Israel’s failure to make the right choices

Noam Sheizaf writes from Tel Aviv: When Hamas or any other organization fires rockets on Be’er Sheva or Tel Aviv, it supposedly doesn’t leave Israel with much choice but to retaliate. At least that’s how the argument goes.

But things also have a certain context that the Israeli public simply ignores. Hamas is weaker than ever. The tunnels to Gaza were destroyed and Egypt closed the border. Israel is preventing Hamas government employees from receiving their salaries, and has even threatened to deport the UN official who tried to solve the latest crisis. In recent weeks, Hamas’ politicians in the West Bank were also arrested.

Hamas isn’t just a militant organization. It is also a movement that represents half of the Palestinian people in the occupied territories and runs the lives of 1.8 million people in Gaza. Leaving Hamas with its back to the wall gives the organization an interest for this kind of escalation, despite the fact that Hamas knows that Palestinians will pay a much greater price than Israelis.

Some questions need to be asked: maybe the months and years of relative calm before this escalation were a good time to lift the siege on Gaza? Perhaps Israel should have recognized the new Palestinian technocratic government? Maybe there was a way for Hamas to undergo a process of politicization, similar to that which Fatah went through?

All these issues were never discussed in Israel; raising them now, in the current atmosphere, is seen as “giving in to terror.”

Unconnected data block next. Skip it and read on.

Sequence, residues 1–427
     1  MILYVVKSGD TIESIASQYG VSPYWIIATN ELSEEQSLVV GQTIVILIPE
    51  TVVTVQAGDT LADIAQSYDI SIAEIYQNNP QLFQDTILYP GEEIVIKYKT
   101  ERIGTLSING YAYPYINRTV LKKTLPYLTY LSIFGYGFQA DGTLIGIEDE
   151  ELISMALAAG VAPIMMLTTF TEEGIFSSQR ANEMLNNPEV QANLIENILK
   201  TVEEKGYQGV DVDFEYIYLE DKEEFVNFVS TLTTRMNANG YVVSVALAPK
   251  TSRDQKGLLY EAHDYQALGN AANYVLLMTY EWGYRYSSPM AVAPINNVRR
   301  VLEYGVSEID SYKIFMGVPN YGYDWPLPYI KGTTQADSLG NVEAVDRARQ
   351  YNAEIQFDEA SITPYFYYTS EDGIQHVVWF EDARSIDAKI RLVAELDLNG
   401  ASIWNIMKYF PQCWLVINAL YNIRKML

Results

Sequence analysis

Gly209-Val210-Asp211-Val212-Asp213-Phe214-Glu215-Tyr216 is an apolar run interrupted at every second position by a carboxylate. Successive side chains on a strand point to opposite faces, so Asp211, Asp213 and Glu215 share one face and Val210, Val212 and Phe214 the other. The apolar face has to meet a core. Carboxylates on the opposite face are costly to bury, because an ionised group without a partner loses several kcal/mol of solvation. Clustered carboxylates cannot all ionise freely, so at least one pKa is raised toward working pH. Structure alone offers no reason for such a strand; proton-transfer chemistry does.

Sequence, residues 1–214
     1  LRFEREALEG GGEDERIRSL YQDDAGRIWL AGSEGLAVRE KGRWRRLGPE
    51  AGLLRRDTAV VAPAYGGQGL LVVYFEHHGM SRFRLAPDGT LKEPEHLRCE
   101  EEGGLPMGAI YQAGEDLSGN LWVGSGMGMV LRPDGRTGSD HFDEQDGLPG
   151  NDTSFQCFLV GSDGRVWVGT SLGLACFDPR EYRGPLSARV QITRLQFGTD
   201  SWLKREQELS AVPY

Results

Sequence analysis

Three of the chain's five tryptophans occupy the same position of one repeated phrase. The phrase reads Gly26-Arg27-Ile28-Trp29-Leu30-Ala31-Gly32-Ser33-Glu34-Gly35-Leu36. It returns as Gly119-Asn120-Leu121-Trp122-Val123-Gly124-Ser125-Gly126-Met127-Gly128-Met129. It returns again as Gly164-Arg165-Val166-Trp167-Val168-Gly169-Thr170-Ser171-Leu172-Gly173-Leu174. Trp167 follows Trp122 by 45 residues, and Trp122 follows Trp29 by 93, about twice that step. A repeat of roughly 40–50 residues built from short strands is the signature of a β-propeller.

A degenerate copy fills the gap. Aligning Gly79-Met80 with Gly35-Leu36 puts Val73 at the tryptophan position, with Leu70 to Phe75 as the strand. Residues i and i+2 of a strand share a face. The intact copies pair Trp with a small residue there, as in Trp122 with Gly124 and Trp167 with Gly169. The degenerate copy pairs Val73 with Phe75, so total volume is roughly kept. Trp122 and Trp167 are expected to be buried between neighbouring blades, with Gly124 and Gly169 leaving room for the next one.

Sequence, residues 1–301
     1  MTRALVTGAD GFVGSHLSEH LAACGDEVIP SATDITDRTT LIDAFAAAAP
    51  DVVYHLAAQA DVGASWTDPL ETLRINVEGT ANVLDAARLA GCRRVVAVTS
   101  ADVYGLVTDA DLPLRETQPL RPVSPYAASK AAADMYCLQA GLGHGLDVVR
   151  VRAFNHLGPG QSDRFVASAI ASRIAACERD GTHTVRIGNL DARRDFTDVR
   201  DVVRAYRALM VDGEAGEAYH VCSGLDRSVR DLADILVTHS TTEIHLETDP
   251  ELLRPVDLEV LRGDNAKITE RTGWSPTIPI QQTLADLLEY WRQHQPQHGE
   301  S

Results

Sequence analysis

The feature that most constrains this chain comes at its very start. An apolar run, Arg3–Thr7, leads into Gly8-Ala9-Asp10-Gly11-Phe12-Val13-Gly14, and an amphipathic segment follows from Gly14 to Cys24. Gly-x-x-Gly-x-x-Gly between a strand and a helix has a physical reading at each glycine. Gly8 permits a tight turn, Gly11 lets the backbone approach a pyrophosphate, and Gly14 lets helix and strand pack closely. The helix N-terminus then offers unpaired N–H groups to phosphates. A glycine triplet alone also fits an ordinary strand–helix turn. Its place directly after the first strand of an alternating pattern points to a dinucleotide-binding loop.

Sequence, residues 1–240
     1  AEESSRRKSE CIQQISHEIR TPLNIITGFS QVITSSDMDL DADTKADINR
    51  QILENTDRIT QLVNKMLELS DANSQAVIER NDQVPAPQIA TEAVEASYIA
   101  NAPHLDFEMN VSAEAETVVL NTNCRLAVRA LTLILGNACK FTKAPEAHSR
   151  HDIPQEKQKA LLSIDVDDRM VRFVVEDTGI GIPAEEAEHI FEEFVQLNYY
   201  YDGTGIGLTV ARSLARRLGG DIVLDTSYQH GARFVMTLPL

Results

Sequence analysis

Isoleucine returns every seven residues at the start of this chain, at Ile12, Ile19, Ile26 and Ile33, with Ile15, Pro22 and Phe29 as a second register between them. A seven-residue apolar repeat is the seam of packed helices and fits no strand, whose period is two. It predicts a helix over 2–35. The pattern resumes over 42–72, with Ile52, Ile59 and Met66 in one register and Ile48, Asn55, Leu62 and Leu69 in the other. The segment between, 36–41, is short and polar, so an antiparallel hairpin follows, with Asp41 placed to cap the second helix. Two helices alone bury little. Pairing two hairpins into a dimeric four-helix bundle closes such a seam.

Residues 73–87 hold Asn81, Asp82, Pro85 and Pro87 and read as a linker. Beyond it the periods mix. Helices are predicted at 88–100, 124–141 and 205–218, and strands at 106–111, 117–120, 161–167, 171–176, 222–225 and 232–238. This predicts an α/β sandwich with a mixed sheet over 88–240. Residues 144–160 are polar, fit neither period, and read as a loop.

“They left us no choice” is the ultimate Israeli argument. Yes, it makes sense that when Palestinians hurl stones on Israeli cars at night, in the West Bank or within the Green Line, Israeli security forces will be sent to make them stop, just as they are sent to treat any issue of law and order. When a protester throws a stone at a soldier near the West Bank village of Bil’in, the soldier is left with no choice but to respond. But what was this soldier doing on the village’s confiscated land in the first place?

The West Bank has been relatively calm for the past five years, yet Israel has never bothered to conduct a much-delayed national conversation on ending the occupation. Instead, it waged propaganda wars on the Palestinians, built settlements and confiscated more land.

Almost five years after Operation Cast Lead, Israel’s Gaza policy – from the naval blockade to the “no go zone” it maintains at the edges of the strip – has never been questioned. Five years in which people have been warning this government that things will eventually blow up, and when they finally did, the same government responds with military force, because “we are left with no choice.”

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